Machine Methods

Instead of using acid to etch your concrete, you can use good old fashioned elbow grease. There are many tools on the market that can rough up your concrete, and then you can use any solvent cleaner to further prepare it for painting. The two most common tools are the handheld grinder or the industrial grinder. Either one runs the risk of making the surface uneven, so hiring a professional grinding team might be in your best interest.

Hand Grinding

The cheapest but most labor-intensive method is hand grinding. This is very similar to sanding a surface, so you can imagine how much time it will take to accomplish your project. A hand grinder is a small handheld machine with diamond grinding discs. These discs grind off the top layer of concrete to expose the rougher layer underneath. To get a good paintable surface, you’re aiming for something between 60 and 120 grit sandpaper in texture.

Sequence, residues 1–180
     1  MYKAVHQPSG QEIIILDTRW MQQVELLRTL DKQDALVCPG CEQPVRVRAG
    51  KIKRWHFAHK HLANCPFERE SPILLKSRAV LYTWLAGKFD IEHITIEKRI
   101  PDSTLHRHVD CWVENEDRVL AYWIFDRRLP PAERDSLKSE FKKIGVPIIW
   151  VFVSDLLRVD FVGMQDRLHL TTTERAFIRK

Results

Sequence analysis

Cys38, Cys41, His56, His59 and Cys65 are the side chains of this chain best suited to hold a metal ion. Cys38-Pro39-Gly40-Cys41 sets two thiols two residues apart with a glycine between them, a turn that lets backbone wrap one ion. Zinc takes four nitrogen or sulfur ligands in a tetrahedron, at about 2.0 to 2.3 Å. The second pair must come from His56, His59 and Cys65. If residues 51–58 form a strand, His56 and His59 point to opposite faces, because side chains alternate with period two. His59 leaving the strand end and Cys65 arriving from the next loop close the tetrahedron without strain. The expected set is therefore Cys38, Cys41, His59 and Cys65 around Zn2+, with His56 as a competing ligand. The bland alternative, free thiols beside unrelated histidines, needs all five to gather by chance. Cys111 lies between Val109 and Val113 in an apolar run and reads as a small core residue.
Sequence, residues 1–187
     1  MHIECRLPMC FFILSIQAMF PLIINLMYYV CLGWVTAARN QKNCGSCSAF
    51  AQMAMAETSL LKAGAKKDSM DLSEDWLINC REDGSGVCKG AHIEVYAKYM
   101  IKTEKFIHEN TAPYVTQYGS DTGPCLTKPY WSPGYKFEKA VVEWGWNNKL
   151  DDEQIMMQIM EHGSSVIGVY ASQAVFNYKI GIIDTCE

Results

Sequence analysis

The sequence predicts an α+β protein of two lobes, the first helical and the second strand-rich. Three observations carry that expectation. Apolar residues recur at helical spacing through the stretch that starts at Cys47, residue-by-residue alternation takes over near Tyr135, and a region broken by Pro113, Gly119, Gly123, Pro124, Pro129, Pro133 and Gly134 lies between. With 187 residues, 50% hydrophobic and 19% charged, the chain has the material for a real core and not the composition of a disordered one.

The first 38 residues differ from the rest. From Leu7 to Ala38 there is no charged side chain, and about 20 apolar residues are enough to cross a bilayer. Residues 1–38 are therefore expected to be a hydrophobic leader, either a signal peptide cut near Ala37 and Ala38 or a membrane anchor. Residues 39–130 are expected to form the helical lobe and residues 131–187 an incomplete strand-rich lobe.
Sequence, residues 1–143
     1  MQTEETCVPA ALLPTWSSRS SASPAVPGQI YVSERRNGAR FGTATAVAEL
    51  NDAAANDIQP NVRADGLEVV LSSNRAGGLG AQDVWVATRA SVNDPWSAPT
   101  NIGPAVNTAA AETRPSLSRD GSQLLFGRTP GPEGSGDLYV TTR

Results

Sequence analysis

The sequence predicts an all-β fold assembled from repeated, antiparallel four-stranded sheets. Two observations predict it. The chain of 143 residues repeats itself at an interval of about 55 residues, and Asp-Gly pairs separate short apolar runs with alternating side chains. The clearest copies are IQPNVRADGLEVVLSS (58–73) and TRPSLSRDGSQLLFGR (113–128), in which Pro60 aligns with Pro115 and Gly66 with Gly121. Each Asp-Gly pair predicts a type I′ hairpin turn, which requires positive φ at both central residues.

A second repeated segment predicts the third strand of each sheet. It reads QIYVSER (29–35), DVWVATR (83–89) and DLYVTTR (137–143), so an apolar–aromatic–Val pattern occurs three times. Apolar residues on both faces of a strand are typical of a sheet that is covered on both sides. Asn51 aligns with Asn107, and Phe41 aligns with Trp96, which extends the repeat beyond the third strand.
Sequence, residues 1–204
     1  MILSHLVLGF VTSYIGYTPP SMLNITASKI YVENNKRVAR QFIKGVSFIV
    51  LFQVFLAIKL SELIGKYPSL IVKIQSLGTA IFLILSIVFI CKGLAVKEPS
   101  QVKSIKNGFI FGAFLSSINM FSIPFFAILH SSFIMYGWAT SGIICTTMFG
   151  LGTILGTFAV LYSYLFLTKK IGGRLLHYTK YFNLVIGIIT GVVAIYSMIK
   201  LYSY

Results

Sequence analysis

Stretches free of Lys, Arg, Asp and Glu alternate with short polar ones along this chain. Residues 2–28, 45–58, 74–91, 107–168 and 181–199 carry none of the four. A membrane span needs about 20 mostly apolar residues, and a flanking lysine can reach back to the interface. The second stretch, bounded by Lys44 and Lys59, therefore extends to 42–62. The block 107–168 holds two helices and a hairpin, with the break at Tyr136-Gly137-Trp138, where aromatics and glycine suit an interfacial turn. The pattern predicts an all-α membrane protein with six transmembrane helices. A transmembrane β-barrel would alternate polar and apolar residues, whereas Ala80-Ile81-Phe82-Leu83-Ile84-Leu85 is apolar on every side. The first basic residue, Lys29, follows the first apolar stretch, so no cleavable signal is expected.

Industrial Grinding Industrial Grinding

An Industrial Grinder is much larger than a Hand Grinder. This makes it less time and labor intensive. However, you still need to uniformly grind off the top layer, which can be tricky with a large machine. If you let it stand longer in one spot than another, you will have an uneven surface. It also requires a fair amount of strength to move around, as it is heavy. I wouldn’t suggest this method unless you can comfortably care at least 50 lbs. if not more.

Alternative Chemicals